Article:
Swiss company, Ava (www.avawomen.com), recently introduced a bracelet plus companion app. Worn only at night, the bracelet is designed to measure physiological parameters associated with fertility including neurological, behavioral, social, thermal, dermatological, respiratory, and cardiovascular. Using this data, which is sent to a companion app, Ava says the combination, “makes the journey to conception easier and more magical,” by helping a woman predict her fertile window—the day before and the day of ovulation.
Boston-based Ovuline (www.ovuline.com), a women’s health app developer, offers the Ovia calculator and fertility tracker. The company recently partnered with the investment arm of Blue Cross and Blue Shield of Massachusetts to develop a new feature that pulls benefits information from health plans and offers Ovuline users access to their fertility and pregnancy health insurance information.
What Does the Rise in DIY Healthcare Devices Mean?
The ability to self-manage health issues such as bladder leakage, fertility, weight, or pregnancy not only helps avoid squirmy conversations, it is also empowering as long as the information is reliable.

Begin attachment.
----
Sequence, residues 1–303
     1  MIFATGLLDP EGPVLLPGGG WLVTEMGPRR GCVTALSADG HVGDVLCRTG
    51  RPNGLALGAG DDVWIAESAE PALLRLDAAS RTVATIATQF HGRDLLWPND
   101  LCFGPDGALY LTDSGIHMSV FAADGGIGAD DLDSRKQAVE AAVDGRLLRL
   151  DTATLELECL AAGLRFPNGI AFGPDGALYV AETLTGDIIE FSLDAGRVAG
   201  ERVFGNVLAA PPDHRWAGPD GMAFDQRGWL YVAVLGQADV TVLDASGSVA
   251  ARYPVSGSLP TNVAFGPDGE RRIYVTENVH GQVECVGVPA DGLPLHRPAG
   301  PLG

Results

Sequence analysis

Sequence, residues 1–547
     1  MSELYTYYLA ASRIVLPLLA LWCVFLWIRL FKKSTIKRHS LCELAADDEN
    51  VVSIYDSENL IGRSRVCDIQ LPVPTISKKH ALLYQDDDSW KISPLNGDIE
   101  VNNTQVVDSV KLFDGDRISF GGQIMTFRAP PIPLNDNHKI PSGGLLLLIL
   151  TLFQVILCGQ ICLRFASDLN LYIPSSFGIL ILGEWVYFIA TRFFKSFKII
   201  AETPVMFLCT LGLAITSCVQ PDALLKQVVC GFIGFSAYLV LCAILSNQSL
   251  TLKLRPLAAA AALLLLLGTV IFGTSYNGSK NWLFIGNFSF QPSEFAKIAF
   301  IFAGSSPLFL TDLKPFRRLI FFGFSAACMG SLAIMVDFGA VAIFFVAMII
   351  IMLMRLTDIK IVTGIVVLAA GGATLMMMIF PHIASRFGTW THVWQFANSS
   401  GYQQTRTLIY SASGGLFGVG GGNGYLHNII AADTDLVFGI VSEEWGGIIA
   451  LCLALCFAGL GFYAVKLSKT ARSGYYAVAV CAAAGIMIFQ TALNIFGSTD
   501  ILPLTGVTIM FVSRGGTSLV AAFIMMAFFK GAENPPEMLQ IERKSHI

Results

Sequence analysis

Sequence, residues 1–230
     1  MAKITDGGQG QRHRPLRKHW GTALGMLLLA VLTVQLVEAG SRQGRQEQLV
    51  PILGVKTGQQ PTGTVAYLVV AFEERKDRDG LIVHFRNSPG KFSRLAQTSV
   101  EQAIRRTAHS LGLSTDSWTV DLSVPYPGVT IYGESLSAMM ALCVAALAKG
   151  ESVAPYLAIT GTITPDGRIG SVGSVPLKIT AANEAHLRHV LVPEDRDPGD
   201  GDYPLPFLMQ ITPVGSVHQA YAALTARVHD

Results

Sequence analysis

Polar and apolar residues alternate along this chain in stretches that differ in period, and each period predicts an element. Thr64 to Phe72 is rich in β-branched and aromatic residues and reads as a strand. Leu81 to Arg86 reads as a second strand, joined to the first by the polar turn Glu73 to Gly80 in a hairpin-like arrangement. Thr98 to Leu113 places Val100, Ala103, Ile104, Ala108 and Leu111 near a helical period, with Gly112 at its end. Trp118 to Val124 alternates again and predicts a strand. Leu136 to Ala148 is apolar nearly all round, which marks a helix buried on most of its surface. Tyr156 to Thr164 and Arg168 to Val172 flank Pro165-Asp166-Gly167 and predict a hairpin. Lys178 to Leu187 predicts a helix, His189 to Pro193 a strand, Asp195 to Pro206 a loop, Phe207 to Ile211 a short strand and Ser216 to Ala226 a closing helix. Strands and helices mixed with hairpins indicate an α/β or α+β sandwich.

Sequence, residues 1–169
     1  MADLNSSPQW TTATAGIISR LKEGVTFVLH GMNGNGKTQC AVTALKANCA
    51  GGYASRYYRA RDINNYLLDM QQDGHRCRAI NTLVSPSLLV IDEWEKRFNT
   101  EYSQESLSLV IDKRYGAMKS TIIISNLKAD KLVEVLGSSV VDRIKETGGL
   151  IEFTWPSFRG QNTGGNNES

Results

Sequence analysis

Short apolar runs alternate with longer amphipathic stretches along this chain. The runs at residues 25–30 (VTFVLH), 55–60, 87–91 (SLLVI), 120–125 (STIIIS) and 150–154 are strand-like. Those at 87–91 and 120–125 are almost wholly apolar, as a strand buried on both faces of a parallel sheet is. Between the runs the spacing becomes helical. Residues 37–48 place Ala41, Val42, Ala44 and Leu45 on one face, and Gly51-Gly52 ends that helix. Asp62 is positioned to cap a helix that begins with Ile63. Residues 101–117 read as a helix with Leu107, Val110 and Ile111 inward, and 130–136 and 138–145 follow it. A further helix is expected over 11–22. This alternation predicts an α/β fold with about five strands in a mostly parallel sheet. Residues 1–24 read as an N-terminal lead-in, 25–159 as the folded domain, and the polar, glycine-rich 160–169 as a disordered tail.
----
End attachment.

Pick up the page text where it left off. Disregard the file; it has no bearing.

The analysis of a published, systematic literature review revealed women look for apps that are easy to use, motivational, and, most importantly of all, trustworthy and evidence-based.
“Women take on a remarkable amount of responsibility for their families and their family’s health. Now, with the increasing availability and accessibility of at-home devices and apps, women can take control of their own health issues, like incontinence,” says Megan Henken, Vice President Marketing for Analytica, makers of PeriCoach.
The opportunity in devices and smartphone apps, or apps alone, for companies operating in the women’s healthcare space seems wide open and getting wider every year. But, as with all new, whizzbang-y things, consumers and patients should proceed with caution.
In a recent American Heart Association’s Epidemiology and Lifestyle meeting, researchers at Johns Hopkin’s School of Medicine reported on a study they conducted of the role for smartphone technology in healthcare. They concluded that while there is definitely an important and growing role for these kinds of solutions, there is also a need for scientific validation and regulation of these apps before they reach consumers.
The takeaway? DIY healthcare devices and apps can never replace the expertise of a clinician. And claims of accuracy or results for any device or app should be supported.
HRI Consumer Survey, PWC 2016.
Derbyshire E, Dancey D, “Smartphone Medical Applications for Women’s Health: What is the Evidence-Base and Feedback?” International Journal of Telemedicine and Applications, Volume 2013 (2013), Article ID 782074, 10 pages, http://dx.doi.org/10.1155/2013/782074.
Oglivy Action, “Women Taking the Lead When It Comes to Mobile,” 2013, The Guardian, http://www.guardian.co.uk/media-network/media-network-blog/2012/aug/06/women-lead-mobile-technology-retail.
Qaseem, A, Dallas, P, Forciea M et. al, “Clinical Guidelines Committee of the American College of Physicians,” Ann Intern Med. 2014;161(6):429-440. doi:10.7326/M13-2410 http://annals.org/article.aspx?articleid=1905131.